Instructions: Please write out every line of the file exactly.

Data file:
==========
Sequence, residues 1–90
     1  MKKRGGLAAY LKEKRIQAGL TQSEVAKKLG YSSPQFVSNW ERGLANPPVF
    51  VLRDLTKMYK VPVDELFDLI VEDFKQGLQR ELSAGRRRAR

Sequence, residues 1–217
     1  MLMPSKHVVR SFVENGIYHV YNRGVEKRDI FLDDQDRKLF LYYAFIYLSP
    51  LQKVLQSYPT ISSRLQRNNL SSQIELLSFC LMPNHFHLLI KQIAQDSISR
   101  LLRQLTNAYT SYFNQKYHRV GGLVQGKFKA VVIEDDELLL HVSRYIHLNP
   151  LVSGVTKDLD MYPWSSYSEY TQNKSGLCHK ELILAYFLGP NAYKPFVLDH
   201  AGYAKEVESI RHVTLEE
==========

Sequence, residues 1–90
     1  MKKRGGLAAY LKEKRIQAGL TQSEVAKKLG YSSPQFVSNW ERGLANPPVF
    51  VLRDLTKMYK VPVDELFDLI VEDFKQGLQR ELSAGRRRAR

Sequence, residues 1–217
     1  MLMPSKHVVR SFVENGIYHV YNRGVEKRDI FLDDQDRKLF LYYAFIYLSP
    51  LQKVLQSYPT ISSRLQRNNL SSQIELLSFC LMPNHFHLLI KQIAQDSISR
   101  LLRQLTNAYT SYFNQKYHRV GGLVQGKFKA VVIEDDELLL HVSRYIHLNP
   151  LVSGVTKDLD MYPWSSYSEY TQNKSGLCHK ELILAYFLGP NAYKPFVLDH
   201  AGYAKEVESI RHVTLEE